Upcoming performances celebrate the Santa Cruz arrival of two new Steinway grand pianos
By Scott MacClelland
Franz Liszt, the dominant pianist of 19th-century Europe, and a powerful composer in his own right, was the first to demonstrate that the piano was the equal of the orchestra. This was, in part, a reflection of the technological refinements made to the instrument after it began to come into its own during the era of Beethoven. But it is also a tribute to a performer who envisioned the instrument's true capabilities--and destiny--just as Niccolo Paganini had done for the violin.
Today, it is safe to say that a community's classical music traditions, anywhere in the world, can be summed up by the caliber of concert pianos it boasts. Ernest "Bud" Kretschmer has long been this county's principal piano advocate, spearheading fundraising committees and making generous personal contributions to assure that the communities of Santa Cruz, Aptos and Watsonville could put onstage a fine Steinway D 9-foot grand.
Involved in choosing a piano in 1974 for the mutual use of Cabrillo College, the symphony and Cabrillo Festival was pianist and teacher John Orlando. After the death of Carole Holdaway, a piano student who was better known as a business leader, arts patron and advocate for the homeless, Orlando established the Carole Holdaway piano fund to ultimately acquire a better Steinway for the college.
Orlando was in attendance at the first Santa Cruz County Symphony program of this season to hear Anton Nel as soloist in Beethoven's Emperor Concerto. During intermission, Orlando found himself in conversation with a local arts patron who has made charitable contributions through his otherwise anonymous Westcliff Foundation. The two talked pianos, and suddenly "Westcliff" told Orlando that he would buy the symphony a better instrument. A few days later, a check in the amount of $80,000 arrived. The gift came with something else--a significant contribution to the Holdaway fund.
Immediately, Orlando made arrangements to visit Steinway House in New York. His piano-playing entourage would include Michael Tierra, Gary Gangnes and Emily Wong, the latter long-associated with the Cabrillo Festival.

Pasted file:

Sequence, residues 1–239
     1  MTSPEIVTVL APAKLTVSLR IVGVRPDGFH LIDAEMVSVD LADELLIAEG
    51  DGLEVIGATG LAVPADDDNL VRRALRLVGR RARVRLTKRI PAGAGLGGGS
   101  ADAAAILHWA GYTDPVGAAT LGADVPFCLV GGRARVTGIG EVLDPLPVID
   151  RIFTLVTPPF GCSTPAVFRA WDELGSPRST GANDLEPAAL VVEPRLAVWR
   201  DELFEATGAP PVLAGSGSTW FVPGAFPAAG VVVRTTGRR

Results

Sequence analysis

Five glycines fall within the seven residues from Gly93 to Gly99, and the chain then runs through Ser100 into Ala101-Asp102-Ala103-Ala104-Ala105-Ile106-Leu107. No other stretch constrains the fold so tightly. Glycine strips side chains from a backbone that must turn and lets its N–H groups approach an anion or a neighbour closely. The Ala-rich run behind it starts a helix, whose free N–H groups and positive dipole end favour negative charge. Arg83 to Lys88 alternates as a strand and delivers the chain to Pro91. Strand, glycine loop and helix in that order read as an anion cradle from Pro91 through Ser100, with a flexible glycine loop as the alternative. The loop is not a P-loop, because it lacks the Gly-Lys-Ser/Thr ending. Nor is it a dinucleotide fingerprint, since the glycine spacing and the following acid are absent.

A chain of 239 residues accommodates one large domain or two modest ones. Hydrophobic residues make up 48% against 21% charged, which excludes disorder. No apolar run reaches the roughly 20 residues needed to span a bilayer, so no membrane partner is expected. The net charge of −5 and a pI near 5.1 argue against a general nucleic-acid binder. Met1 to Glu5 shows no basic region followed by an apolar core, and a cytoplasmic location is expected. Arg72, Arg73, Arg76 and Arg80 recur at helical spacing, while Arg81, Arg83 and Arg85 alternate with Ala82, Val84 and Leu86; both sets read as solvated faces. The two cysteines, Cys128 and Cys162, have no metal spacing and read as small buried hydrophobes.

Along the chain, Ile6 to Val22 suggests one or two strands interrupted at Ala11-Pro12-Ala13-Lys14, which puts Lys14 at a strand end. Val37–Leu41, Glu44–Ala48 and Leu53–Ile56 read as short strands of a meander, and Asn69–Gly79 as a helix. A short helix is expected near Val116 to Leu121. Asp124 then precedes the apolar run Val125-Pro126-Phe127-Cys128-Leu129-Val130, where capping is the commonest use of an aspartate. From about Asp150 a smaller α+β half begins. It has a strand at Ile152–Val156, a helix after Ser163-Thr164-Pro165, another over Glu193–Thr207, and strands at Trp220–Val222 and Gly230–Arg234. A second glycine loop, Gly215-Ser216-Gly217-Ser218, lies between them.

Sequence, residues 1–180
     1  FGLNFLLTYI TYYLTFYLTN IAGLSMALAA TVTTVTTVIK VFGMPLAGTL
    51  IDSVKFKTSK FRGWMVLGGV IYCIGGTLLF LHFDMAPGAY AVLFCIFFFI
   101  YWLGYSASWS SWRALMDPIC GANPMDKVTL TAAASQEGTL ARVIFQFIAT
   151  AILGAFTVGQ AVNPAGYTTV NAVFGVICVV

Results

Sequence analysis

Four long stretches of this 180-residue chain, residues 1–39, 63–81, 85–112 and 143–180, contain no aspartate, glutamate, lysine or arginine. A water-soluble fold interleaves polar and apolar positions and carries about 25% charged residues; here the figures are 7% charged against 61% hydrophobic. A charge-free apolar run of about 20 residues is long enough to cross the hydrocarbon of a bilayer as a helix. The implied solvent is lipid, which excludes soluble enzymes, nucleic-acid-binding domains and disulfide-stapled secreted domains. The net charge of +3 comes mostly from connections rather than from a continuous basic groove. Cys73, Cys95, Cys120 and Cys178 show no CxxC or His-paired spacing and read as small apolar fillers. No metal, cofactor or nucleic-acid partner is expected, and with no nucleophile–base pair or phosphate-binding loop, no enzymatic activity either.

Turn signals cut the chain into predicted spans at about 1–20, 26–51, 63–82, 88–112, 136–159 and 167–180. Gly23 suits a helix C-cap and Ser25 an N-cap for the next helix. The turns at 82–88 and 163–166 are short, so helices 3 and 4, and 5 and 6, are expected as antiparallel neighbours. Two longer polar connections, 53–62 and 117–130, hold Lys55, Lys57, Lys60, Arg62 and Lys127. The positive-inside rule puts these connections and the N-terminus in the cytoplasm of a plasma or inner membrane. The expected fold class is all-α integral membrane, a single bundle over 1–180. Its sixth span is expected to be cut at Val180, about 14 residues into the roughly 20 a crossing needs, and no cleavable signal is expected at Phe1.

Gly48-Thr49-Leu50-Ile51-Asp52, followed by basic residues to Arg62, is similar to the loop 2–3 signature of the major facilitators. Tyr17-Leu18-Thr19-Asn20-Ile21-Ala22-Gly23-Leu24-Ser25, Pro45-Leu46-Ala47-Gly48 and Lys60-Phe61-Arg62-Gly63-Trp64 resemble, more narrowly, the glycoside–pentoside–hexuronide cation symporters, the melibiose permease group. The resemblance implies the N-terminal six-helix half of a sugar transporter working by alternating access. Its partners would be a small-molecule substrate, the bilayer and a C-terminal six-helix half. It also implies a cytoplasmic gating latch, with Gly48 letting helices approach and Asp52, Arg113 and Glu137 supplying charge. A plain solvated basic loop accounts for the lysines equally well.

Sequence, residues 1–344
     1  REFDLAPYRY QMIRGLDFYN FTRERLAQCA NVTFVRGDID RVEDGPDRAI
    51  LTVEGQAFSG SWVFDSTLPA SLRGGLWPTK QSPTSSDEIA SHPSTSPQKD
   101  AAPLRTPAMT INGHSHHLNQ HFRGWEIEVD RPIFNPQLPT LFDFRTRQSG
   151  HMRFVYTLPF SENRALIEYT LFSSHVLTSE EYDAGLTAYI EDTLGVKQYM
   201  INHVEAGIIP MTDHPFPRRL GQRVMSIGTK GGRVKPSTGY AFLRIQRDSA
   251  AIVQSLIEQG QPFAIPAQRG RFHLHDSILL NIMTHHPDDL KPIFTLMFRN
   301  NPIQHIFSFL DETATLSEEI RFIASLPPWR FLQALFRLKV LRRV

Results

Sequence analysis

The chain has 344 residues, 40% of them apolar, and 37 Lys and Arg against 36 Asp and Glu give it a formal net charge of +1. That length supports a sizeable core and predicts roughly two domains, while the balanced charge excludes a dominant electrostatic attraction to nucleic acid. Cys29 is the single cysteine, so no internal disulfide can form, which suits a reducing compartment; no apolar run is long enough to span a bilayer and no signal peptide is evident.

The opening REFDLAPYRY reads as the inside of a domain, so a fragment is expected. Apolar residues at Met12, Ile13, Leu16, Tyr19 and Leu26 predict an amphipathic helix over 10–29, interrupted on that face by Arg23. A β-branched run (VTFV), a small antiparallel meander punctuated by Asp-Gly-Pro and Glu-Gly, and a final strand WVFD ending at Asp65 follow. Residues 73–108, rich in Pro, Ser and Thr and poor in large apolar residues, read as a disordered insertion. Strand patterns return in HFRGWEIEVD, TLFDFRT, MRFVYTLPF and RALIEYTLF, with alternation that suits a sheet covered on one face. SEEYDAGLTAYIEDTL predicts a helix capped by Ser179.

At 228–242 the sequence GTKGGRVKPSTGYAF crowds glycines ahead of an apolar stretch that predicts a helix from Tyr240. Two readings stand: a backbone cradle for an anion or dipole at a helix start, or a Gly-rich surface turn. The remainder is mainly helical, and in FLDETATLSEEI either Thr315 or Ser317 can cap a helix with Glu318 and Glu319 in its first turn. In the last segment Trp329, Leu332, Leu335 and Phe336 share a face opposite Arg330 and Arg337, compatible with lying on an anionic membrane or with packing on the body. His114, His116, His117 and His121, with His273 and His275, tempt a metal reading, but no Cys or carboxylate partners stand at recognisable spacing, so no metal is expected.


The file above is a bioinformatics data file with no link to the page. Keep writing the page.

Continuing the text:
Orlando was amazed to find that Westcliff, having set all this in motion, had not even mentioned the gift to the symphony people. Learning about it first from Orlando, they were surprised and thrilled. As executive director Virginia Wright explained, the symphony had just undertaken a review and rededication of its resources to remake the Civic Auditorium into "the finest concert venue in the region." She cited the city of Santa Cruz's own push toward reviving its commitments to the arts. Meanwhile, Orlando polled pianists who are familiar with the Steinway that has been shared by the major presenters during the last three decades, and reported, "All the pianists said that the piano was OK but a new Steinway would be wonderful." Wright admits that a new piano was not at the top of the symphony's priorities, but that there could hardly be a better icon for the improvements her board has envisioned.
Ultimately, Orlando and company selected two new Steinway Ds, one each for the symphony and the college. The Carole Holdaway instrument will see its local debut on Nov. 20 at Watsonville's Mello Center, when Van Cliburn medalist Antonio Pompa-Baldi plays a recital to include the Bach/Busoni Chaconne, Chopin's Sonata op. 35 and Grieg.
Then, at 7pm, Jessica Williams, Santa Cruz County Artist of the Year, will play jazz standards, her own compositions and audience requests. Between the two, Michael Tierra will offer a Powerpoint presentation showing how Steinway pianos are made. (Orlando promises a discounted price for the Williams concert when tickets for both are purchased, plus a two-for-one dinner discount that day for patrons who buy the package.)
The symphony plans to show off its new instrument on Jan. 21 and 22 when Aileen Chanco solos in the Saint-Saëns Concerto no. 2.
Antonio Pompa-Baldi plays Sunday, Nov. 20, at 2pm, and Jessica Williams plays at 7pm, at the Mello Center, 250 E. Beach. St., Watsonville. Tickets $20-$50. (831.656.9507)
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